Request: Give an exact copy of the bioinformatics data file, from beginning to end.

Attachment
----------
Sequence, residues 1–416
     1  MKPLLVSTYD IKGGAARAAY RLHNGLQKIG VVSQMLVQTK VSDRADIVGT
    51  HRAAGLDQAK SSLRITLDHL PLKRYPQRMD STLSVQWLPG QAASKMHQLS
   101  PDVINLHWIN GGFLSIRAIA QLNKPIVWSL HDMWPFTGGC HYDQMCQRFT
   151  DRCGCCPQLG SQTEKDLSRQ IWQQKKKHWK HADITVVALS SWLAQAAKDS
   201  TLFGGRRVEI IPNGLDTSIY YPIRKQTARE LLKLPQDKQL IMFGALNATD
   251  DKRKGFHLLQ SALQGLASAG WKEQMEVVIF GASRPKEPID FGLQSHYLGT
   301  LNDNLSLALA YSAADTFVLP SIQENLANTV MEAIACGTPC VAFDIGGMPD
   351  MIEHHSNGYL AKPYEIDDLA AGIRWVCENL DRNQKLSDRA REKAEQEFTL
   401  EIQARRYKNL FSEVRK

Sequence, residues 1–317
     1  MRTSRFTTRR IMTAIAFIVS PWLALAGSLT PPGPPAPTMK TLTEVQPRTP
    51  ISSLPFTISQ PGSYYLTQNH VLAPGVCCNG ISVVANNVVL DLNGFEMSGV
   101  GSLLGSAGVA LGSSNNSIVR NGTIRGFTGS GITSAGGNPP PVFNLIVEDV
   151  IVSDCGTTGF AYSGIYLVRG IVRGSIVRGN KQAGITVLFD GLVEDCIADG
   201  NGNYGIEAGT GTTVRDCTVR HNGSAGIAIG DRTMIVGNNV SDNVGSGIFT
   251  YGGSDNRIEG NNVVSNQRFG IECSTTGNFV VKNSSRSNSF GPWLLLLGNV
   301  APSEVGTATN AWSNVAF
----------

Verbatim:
Sequence, residues 1–416
     1  MKPLLVSTYD IKGGAARAAY RLHNGLQKIG VVSQMLVQTK VSDRADIVGT
    51  HRAAGLDQAK SSLRITLDHL PLKRYPQRMD STLSVQWLPG QAASKMHQLS
   101  PDVINLHWIN GGFLSIRAIA QLNKPIVWSL HDMWPFTGGC HYDQMCQRFT
   151  DRCGCCPQLG SQTEKDLSRQ IWQQKKKHWK HADITVVALS SWLAQAAKDS
   201  TLFGGRRVEI IPNGLDTSIY YPIRKQTARE LLKLPQDKQL IMFGALNATD
   251  DKRKGFHLLQ SALQGLASAG WKEQMEVVIF GASRPKEPID FGLQSHYLGT
   301  LNDNLSLALA YSAADTFVLP SIQENLANTV MEAIACGTPC VAFDIGGMPD
   351  MIEHHSNGYL AKPYEIDDLA AGIRWVCENL DRNQKLSDRA REKAEQEFTL
   401  EIQARRYKNL FSEVRK

Sequence, residues 1–317
     1  MRTSRFTTRR IMTAIAFIVS PWLALAGSLT PPGPPAPTMK TLTEVQPRTP
    51  ISSLPFTISQ PGSYYLTQNH VLAPGVCCNG ISVVANNVVL DLNGFEMSGV
   101  GSLLGSAGVA LGSSNNSIVR NGTIRGFTGS GITSAGGNPP PVFNLIVEDV
   151  IVSDCGTTGF AYSGIYLVRG IVRGSIVRGN KQAGITVLFD GLVEDCIADG
   201  NGNYGIEAGT GTTVRDCTVR HNGSAGIAIG DRTMIVGNNV SDNVGSGIFT
   251  YGGSDNRIEG NNVVSNQRFG IECSTTGNFV VKNSSRSNSF GPWLLLLGNV
   301  APSEVGTATN AWSNVAF